When someone is in love they want everyone else to share that love. Indulge me while I rave about some extraordinary music that I am crazy about, and the story of how I met the man who makes it.
When I heard Marcus Eaton’s music for the first time, I became instantly and forever devoted. Yes, I confess. It’s not a relationship with a person I’m talking about, but a love affair with sound.
In 2006 Marcus Eaton had been making a profound impact on audiences for several years, but I had never heard of him. While I visited my Pa at his oasis on the Snake River in southern Idaho, the nearby Ste. Chapelle Winery had cleverly invited father and son, Steve and Marcus Eaton, to play their Father’s Day concert.
It was a splendid day with my family. We picnicked, drank wine, and danced in the shade. Steve Eaton’s music was a perfect choice for the event. His son played a few solo tunes and KNOCKED ME FLAT. With a studio perfect voice, flashing his guitar as his pass into my soul , Marcus Eaton’s melodies spiraled together world beat, singer songwriter, Latin rhythms, jazz and rock. After the show I stared at this young guy hanging around the stage, and he saw me. I’ll never forget his face at that moment. Looking expectantly at me through his glasses. I was dumbstruck with pure fan paralysis, and eventually ducked behind something and escaped.
I scratched his name onto a napkin and carried it home to Massachusetts, and eventually bought The Day the World Awoke by Marcus Eaton and the Lobby. I played the CD till my 10 year old daughter had it memorized. That CD has the brilliant Fiona, which never fails to win converts. In fact, l want you to hear Fiona. The following video begins with a short intro in the midst of an interview, so if you’re bored with my blog post already, please just skip to 5:40 and maybe you’ll decide to read more.
In 2008 I was compelled to write a review of the CD on Amazon. It was an amateur review I grant you, but borne of genuine admiration. That was the best thing I could have done!
I got a friend request on facebook shortly after; from a person I didn’t know. I checked her page and couldn’t find a single thing in common except that her page mentioned Marcus Eaton. I asked Kitty, prior to accepting the friend request, “Why did you friend me? Is it because I adore Marcus Eaton?” The answer was yes, and that is how I became friends with Marcus’ manager at that time. When I tried to purchase The Story of Now, it had been sold out, so Kitty sent me a personal copy instead, plus the CDs Live at the Gorge, and Live at Larkspur 2007.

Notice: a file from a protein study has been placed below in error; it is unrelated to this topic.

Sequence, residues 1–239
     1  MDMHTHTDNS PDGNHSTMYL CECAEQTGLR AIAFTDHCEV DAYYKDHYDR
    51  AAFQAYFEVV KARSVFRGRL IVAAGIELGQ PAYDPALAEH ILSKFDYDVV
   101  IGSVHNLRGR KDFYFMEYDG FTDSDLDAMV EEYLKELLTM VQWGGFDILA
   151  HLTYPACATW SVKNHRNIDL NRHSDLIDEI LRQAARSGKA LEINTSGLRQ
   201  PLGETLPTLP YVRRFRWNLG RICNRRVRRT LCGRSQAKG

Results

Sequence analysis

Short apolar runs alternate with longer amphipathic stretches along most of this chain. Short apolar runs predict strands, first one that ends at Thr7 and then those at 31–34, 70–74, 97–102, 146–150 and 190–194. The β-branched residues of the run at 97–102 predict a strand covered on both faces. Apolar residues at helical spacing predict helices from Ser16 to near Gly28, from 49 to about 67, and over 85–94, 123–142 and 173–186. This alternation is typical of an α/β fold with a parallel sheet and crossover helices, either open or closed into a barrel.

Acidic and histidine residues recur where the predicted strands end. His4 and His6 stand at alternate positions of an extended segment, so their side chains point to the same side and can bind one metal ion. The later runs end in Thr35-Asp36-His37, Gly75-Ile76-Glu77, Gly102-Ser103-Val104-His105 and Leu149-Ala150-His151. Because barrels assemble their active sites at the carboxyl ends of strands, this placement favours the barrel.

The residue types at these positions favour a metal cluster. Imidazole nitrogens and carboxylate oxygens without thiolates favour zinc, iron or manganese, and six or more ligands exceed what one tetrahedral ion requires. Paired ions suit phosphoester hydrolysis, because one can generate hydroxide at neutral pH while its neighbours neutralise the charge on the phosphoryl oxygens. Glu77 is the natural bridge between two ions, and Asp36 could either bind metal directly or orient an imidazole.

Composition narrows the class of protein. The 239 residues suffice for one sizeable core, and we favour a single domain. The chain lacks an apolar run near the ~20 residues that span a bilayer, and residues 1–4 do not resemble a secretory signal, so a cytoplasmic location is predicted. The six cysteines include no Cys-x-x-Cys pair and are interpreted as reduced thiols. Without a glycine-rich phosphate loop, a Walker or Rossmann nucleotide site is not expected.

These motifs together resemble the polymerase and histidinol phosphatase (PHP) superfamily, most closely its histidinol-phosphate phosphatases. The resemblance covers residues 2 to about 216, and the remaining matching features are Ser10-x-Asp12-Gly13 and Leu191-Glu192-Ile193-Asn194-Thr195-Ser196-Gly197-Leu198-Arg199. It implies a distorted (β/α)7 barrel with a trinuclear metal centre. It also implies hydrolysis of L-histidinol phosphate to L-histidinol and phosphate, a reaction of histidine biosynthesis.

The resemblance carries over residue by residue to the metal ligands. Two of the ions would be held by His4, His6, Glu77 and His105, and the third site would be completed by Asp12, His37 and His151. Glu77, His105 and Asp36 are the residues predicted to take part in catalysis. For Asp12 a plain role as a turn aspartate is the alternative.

In the meantime, I had seen him at a couple of concerts. Marcus is one of those artists who – live on stage – can explode your expectations. Here you were, expecting to be musically entertained, and instead your aural world is turned inside out for two hours. At one show he said, “I’ve been playing around with loops…” and he was not kidding. These days, incorporated into every show as though looping his own background tracks at a live show is as natural as announcing the next song, Marcus almost effortlessly builds in a whole percussion and vocal ensemble behind himself in solo performances.
Wanna see him looping?
I was always the bumbling fool after his shows, trying to make words come out of my mouth that would give him the impression that I loved the music. I wasn’t new to music: I was authentically impressed. My dad plays guitar, and I grew up with summertime bands (in the basement to hide from the heat), whiskey-laden, smoke-infused strains of mandolin, drums, bass, and my dad playing slide on his pedal steel guitar drifting upstairs to the rest of the house. I played guitar in a bar in Tamarack, Idaho for a few months when I was 10 years old, my timid voice attempting Kenny Roger’s hits while bearded loggers shouted at me, “Louder!” I have always been drawn to stunning fingerwork, and was drooling in front of Michael Hedges in little theatres in Boulder, CO and Burlington, VT when I had barely hit my twenties. In retrospect, I imagine the deer-in-headlights look must have given Marcus a clue that I was an incorrigible fan. Or, in need of sympathy, heh.